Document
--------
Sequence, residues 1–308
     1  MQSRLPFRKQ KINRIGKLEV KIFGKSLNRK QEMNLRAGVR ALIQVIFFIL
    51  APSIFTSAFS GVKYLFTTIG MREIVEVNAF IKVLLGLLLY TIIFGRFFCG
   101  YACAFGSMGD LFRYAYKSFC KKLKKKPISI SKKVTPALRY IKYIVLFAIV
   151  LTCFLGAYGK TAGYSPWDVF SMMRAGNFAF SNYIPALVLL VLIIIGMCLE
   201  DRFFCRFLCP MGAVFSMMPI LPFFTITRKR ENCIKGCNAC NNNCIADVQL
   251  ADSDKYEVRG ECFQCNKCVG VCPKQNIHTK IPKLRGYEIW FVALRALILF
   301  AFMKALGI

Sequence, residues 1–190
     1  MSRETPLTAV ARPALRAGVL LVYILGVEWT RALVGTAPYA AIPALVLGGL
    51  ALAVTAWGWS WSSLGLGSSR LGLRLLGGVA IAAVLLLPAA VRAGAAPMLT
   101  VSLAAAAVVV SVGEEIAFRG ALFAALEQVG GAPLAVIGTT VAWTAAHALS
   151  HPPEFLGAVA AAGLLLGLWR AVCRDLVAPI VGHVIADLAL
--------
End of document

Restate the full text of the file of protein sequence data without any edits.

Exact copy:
Sequence, residues 1–308
     1  MQSRLPFRKQ KINRIGKLEV KIFGKSLNRK QEMNLRAGVR ALIQVIFFIL
    51  APSIFTSAFS GVKYLFTTIG MREIVEVNAF IKVLLGLLLY TIIFGRFFCG
   101  YACAFGSMGD LFRYAYKSFC KKLKKKPISI SKKVTPALRY IKYIVLFAIV
   151  LTCFLGAYGK TAGYSPWDVF SMMRAGNFAF SNYIPALVLL VLIIIGMCLE
   201  DRFFCRFLCP MGAVFSMMPI LPFFTITRKR ENCIKGCNAC NNNCIADVQL
   251  ADSDKYEVRG ECFQCNKCVG VCPKQNIHTK IPKLRGYEIW FVALRALILF
   301  AFMKALGI

Sequence, residues 1–190
     1  MSRETPLTAV ARPALRAGVL LVYILGVEWT RALVGTAPYA AIPALVLGGL
    51  ALAVTAWGWS WSSLGLGSSR LGLRLLGGVA IAAVLLLPAA VRAGAAPMLT
   101  VSLAAAAVVV SVGEEIAFRG ALFAALEQVG GAPLAVIGTT VAWTAAHALS
   151  HPPEFLGAVA AAGLLLGLWR AVCRDLVAPI VGHVIADLAL